Hari Om! Namaste!!
We had been listening to the discussion on the Vedas in the earlier post. Let us continue to learn from their conversation further.
Jnana Hariputra: “Sir, Could you please tell me more on the Vedas?”
Shri Sujnan Giri: “Sure. The Vedas are four in number. They are 1. Rigveda 2. Yajurveda 3. Samaveda 4. Atharvana Veda. Again, all the Vedas have four portions: 1. Samhita 2. Brahmana 3. Aranyaka 4. Upanishat. Initially, all the Vedas were together as one. Great Master Maharishi Veda Vyas split the Veda into four and organized them. The name Veda Vyas means arranger of the Vedas.
Samhita portion has mantras to propitiate the Gods. Brahmana deals with the Vedic rituals to worship various deities. Aranyaka deals with meanings and philosophical discussions of rituals. Upanishats deal with the Highest Knowledge.
First two portions of the Vedas, viz. Samhita and Brahmana are together called Karma Kanda(Branch of Vedic Duties) or Purva Mimamsa. They form the bases of Karma Yoga. Aranyaka and Upanishat are collectively referred to as Jnana Kanda(Branch of Knowledge) or Uttara Mimamsa. They are the core Scriptures for Jnana Yoga”
Hariputra: “What are Upanishats? Why are they important?”
Shri Sujnan Giri: “As we discussed earlier, Upanishats are the last parts of the Vedas. So, they are also called Vedanta(meaning last part of the Vedas). The Upanishats deal with only the Highest Knowledge. Nothing else. Our Great Realized Masters guide us on the path to realize God within ourselves. They talk about the Highest Truths from their own experience of realization. So, they are the final authority on what they say. Out of compassion, they share the Great Truths which are profound (yet simple) and abstract(but practical), in a story line.
The Upanishads are extremely important because they guide us by imparting the Highest Knowledge to achieve the single most important purpose of life as human beings, i.e. to merge our Individual Self with the Universal Self.”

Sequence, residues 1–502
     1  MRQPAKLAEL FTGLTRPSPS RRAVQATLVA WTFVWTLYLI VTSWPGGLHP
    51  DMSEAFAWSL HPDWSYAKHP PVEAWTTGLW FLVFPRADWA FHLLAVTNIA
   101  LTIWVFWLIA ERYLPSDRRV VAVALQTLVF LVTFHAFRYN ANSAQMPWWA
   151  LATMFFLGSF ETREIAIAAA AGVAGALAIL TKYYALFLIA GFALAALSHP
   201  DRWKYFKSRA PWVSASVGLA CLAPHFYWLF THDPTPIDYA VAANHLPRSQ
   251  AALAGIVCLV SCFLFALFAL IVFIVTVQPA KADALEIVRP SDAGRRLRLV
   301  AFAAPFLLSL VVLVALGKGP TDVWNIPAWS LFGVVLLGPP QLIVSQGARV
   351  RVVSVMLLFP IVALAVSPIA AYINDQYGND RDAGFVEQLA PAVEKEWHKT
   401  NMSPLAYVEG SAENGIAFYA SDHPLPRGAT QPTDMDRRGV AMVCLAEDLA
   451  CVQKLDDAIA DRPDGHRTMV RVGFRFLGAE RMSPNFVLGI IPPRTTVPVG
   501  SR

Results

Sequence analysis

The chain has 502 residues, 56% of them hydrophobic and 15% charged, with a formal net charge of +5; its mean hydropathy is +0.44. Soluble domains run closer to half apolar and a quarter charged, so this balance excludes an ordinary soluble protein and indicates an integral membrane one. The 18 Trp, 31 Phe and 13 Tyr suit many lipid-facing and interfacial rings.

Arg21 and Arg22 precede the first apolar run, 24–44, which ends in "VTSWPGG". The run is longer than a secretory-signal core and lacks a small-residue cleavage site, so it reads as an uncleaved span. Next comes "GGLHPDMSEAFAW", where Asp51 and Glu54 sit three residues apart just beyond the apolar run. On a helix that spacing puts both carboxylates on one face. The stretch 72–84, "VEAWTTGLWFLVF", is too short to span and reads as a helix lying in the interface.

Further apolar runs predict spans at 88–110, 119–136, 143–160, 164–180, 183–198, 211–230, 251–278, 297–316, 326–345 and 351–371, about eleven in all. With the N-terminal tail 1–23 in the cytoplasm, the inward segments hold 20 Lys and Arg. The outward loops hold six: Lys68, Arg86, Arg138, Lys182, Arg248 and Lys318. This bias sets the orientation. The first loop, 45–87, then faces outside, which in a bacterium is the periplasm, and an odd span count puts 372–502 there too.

Hariputra: “Bhagawan! Thanks. Now, I understood that the Upanishads are like the Sun, who is shining with the Highest Knowledge, showing the path to the Absolute. By the way, what is Rigveda?”
Shri Sujnan Giri: “The word Rigveda is formed by combining to words Rik and Veda by a sandhi in Sanskrit. Rik means ‘to praise, to adore’. Veda means ‘to know or knowledge’. So, Rigveda means the Knowledge of Praises(of deities).”
Hariputra: “Sir, I heard Rigveda is very vast. How is it organized?”
Shri Sujnan Giri: “You are right. Just to provide you an estimate of size of Rigveda: it has 10 mandalas, 1028 suktas(hymns), 10,552 riks, or 39,831 padas or 4,32,000 syllables! Rigveda is organized into 10 books called mandalas. Each mandala is divided into hymns called suktas. Each sukta is further divided into riks (praises) and each rik has different padas. This system is used to reference individual mantras.
According to another scheme 10 mandalas of Rigveda are divided into eight parts called astakas. The astakas are further divided into adhyayas(chapters) and further into varga (class). ”
Hariputra: “Sir, What are the features of a Rik?”
Shri Sujnan Giri: “Good question. Each rik (praise) of Rigveda is set in a particular Chandas(metre). It is addressed to a Devatha (deity). It has a Rishi(Seer). As a matter of respect, it is customary to mention these three aspects of the mantra before we chant.”
Jnana Hariputra: ” Oh! I see. Sir, Could you please give an example?”
Sujnan Giri: “OK. The first mantra of Rigveda starts as:
AgnimiLe purohitam yajnasya devamritwijam|
hotaram ratnadhatamam | – Rigveda 1.1
Meaning: Laud Agni who is: the chosen Priest, God, minister of sacrifice,the hotar. Agni lavishes the wealth.
Rishi of this mantra is Madhuschandah Vaishwamitrah. It is composed in Chandas Gayathri and addressed to Devata Agni, i.e. the Fire God. ”
Hariputra: “Sir, I understood that these three aspects, viz., Rishi, Chandas and Devatha are important for each mantra. Could you please give a glimpse of these in Rigveda?”
Shri Sujnan Giri: “Sure. Main Rishis in Rigveda include Angirasa, Vasista, Vishwamitra, Bhrigu, Atri, Kashyapa and others. Most used Chandas are Jagati, Trishtup, Viraj, Gayatri and Anustup. They have twelve, eleven, ten, eight and eight syllables respectively. Principle deities addressed in Rigveda are Indra(king of demigods), Agni(the Fire God) and Soma(many meanings: a plant, Moon, Lord Shiva, etc.). The other deities are Surya(Sun God), Vayu(Air God) and Apas(Water God) and many others. ”
Hariputra: “Bhagawan! I heard about famous Gayatri Mantra. Is it from Rigveda?”
Shri Sujnan Giri: “Yes. As we discussed earlier, Mother Gayathri is the Supreme power of Brahman. Gayathri Mantra is the sound form of Devi Gayathri. So, it is one of the most powerful mantras. It appears in third mandala of Rigveda in the verse 3.62.10 (3rd Mandala; 62nd Sukta and 10th Rik). Its Seer is the Great Sage Maharishi Vishwamitra. The Chandas is Gayathri. It is addressed to the Deity the Sun God. ”
Hariputra: “Gurudev! Thank you very much for gracing me knowledge on the Vedas and Rigveda in particular. I am blessed!”
Shri Sujnan Giri: “You are welcome!
Sarve janah sukhino bhavatu! (May everybody be happy!) ”
(…To be continued)
Om Namah Shivaya ||